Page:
For the past few weeks, municipal workers have been on strike, demanding a wage increase of 8% – down from an initial 10%. Year after year, these employees go on strike for higher salaries. Yet year after year, service delivery seems to stagnate or get worse, with more and more municipalities becoming plainly dysfunctional.
Last year, when municipal workers took to the streets on their annual wage strike, it was estimated that the increase from 6,08% to 7,5% would cost the City of Johannesburg an additional R97 million per annum and the City of Cape Town an extra R96 million. One can only imagine what it would have cost if the workers had received the 18% that they had originally demanded.
At the time, I was amazed to read that some municipal managers were earning more than President Jacob Zuma. It boggles the mind that salaries like these can be justified, considering the lack of service delivery – a lack that has brought ordinary people out in their thousands to protest, often violently.
Recently, employees at the Nelson Mandela Bay Municipality were up in arms after hearing that their municipal manager, Themba Hani, was earning nearly R2 million a year. Moreover, he received a 13,5% increase while theirs was 6%. According to some reports, Hani’s salary nearly matches that of Zuma, while municipal managers of the Tshwane and Johannesburg metros earn over R3,2 million per annum each – almost R1 million more than Zuma is earning a year.
It’s difficult to believe that the workload or responsibilites of these managers match those of the president. As for performance, the Tshwane Municipality recently admitted that it was responsible for the pollution of the Apies River because it was unable to maintain its sewage plant properly. Farmers in Rooiwal cannot use the water anymore as it is not fit for human or animal consumption, or for vegetable irrigation.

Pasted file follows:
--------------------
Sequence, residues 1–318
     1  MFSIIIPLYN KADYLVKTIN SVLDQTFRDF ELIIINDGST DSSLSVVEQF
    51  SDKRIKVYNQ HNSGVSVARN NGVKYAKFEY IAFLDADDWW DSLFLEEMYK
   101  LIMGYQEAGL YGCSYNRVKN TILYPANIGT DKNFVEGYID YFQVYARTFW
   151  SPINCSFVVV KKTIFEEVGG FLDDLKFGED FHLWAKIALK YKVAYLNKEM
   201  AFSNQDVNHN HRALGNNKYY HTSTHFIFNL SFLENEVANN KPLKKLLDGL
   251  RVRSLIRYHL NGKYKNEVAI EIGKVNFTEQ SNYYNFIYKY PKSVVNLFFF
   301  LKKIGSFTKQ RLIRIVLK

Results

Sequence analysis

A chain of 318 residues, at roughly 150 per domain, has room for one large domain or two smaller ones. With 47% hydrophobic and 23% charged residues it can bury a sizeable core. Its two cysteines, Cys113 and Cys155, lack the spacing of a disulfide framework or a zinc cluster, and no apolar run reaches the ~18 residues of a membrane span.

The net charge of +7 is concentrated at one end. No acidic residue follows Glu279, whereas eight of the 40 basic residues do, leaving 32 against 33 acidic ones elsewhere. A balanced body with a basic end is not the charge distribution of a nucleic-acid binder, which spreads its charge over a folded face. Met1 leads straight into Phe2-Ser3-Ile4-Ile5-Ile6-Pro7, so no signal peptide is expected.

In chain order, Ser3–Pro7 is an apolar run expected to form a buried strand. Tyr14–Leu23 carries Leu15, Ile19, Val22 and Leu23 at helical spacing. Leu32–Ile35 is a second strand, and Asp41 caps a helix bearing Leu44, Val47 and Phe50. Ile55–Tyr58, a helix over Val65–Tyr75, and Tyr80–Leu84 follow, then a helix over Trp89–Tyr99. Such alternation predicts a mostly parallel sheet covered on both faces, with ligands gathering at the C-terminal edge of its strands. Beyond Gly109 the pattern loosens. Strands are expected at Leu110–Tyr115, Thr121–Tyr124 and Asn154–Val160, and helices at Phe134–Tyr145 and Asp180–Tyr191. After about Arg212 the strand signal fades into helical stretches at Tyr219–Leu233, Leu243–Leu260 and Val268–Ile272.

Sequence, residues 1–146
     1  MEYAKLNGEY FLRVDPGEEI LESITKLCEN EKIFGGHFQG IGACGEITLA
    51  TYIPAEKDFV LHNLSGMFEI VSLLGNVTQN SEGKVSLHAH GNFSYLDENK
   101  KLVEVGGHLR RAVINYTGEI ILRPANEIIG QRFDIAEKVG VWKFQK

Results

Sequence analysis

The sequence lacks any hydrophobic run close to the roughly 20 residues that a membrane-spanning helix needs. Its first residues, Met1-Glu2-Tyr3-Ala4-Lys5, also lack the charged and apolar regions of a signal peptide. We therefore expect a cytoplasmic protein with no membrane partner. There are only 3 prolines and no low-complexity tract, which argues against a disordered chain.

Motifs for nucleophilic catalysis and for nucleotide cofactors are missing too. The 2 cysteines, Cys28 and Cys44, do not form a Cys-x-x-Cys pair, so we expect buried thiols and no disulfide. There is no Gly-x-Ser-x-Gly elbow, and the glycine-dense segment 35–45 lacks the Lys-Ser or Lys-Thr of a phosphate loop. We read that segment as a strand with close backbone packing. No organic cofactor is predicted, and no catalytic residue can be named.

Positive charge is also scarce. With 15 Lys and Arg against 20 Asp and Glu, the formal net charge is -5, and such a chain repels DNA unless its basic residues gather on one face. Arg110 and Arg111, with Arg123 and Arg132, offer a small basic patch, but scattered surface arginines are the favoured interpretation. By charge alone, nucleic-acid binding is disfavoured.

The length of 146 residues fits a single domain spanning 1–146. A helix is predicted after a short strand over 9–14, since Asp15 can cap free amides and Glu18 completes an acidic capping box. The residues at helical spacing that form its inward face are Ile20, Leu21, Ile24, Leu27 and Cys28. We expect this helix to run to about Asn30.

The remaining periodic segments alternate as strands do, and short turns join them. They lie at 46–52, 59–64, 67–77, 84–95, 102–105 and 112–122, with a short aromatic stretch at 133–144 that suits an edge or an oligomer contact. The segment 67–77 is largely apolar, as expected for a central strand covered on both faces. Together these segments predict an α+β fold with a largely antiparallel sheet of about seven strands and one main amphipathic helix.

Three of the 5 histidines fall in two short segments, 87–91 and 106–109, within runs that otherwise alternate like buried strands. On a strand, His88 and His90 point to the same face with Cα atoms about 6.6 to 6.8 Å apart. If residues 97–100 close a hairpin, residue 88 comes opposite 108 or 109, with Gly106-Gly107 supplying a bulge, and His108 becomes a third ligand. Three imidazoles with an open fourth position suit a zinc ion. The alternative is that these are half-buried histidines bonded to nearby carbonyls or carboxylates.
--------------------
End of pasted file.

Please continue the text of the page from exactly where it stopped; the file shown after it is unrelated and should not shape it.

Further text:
The Apies River is not alone in having this problem. Recently, sewage from the Klipgat sewage plant in North West began seeping into the Toloane River, a vital waterway for many villagers who depend on it for irrigation and to provide water for their livestock. Sewage affluent remains one of South Africa’s biggest threats to water quality. It’s incomprehensible that managers are earning salaries like these when they cannot even keep sewage plants operating properly.
Equally worrying is the fact that the provincial departments of agriculture are willing to trust municipalities to roll out the provincial mechanisation programme. Some departments have even handed over tractors to municipalities to distribute. In some Mpumalanga municipalities, this has led to tractors simply standing in warehouses, where they are being stripped for spare parts.
The Nala local municipality in the Free State recently admitted that two municipal Ford tractors and a Nissan bakkie were still in the mechanics’ workshops after three years, while another four tractors used for refuse removal had been declared unroadworthy. Would you trust people like these to handle a mechanisation roll-out programme?
I would like to second the proposal made by former North West MEC for local government, Paul Sebegoe, that municipal employees’ salaries should be paid based on their performance.